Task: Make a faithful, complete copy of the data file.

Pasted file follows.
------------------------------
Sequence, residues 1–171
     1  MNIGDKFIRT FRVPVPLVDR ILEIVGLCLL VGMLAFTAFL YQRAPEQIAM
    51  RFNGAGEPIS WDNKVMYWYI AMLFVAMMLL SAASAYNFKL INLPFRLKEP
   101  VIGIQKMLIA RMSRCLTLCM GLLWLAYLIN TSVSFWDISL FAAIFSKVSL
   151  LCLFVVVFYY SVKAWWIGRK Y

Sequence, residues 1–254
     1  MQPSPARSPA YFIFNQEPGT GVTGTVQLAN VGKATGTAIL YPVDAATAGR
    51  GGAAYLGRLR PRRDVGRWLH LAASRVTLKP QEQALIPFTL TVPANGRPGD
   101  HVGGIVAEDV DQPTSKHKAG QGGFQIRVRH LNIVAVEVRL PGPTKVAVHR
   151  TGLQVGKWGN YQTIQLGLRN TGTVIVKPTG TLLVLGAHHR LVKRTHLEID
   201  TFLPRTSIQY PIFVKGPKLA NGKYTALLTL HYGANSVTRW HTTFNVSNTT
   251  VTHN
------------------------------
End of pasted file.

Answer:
Sequence, residues 1–171
     1  MNIGDKFIRT FRVPVPLVDR ILEIVGLCLL VGMLAFTAFL YQRAPEQIAM
    51  RFNGAGEPIS WDNKVMYWYI AMLFVAMMLL SAASAYNFKL INLPFRLKEP
   101  VIGIQKMLIA RMSRCLTLCM GLLWLAYLIN TSVSFWDISL FAAIFSKVSL
   151  LCLFVVVFYY SVKAWWIGRK Y

Sequence, residues 1–254
     1  MQPSPARSPA YFIFNQEPGT GVTGTVQLAN VGKATGTAIL YPVDAATAGR
    51  GGAAYLGRLR PRRDVGRWLH LAASRVTLKP QEQALIPFTL TVPANGRPGD
   101  HVGGIVAEDV DQPTSKHKAG QGGFQIRVRH LNIVAVEVRL PGPTKVAVHR
   151  TGLQVGKWGN YQTIQLGLRN TGTVIVKPTG TLLVLGAHHR LVKRTHLEID
   201  TFLPRTSIQY PIFVKGPKLA NGKYTALLTL HYGANSVTRW HTTFNVSNTT
   251  VTHN